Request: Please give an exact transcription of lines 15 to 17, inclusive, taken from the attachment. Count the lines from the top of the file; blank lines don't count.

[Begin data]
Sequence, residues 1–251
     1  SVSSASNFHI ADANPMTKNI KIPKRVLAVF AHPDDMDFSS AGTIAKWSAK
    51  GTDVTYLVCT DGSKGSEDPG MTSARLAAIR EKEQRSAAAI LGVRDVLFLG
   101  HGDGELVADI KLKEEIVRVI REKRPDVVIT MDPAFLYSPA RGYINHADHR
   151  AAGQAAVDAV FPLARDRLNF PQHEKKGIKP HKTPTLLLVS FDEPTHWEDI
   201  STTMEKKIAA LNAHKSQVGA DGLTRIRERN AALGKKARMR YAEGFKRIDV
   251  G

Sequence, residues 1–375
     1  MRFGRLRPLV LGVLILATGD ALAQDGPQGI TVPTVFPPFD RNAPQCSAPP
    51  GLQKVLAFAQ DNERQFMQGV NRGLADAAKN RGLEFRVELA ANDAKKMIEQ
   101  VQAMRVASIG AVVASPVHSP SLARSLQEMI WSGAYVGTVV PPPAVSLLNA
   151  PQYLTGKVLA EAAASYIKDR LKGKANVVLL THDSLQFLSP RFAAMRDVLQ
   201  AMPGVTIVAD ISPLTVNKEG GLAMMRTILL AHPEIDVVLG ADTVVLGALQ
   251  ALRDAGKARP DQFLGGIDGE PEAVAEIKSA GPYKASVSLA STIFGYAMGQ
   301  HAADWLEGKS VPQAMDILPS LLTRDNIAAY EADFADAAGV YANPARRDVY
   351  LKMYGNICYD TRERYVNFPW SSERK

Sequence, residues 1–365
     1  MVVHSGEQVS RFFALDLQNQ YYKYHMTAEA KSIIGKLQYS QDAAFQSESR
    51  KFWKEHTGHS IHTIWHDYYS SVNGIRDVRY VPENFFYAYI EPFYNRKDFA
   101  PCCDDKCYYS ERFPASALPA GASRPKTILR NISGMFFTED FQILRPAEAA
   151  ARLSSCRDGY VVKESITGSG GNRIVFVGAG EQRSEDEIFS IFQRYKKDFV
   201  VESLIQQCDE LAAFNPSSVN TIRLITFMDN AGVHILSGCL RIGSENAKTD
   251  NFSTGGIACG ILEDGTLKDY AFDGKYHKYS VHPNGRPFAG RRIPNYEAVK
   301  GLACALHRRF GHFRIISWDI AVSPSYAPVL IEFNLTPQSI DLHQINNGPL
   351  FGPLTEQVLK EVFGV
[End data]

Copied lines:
   301  HAADWLEGKS VPQAMDILPS LLTRDNIAAY EADFADAAGV YANPARRDVY
   351  LKMYGNICYD TRERYVNFPW SSERK

Sequence, residues 1–365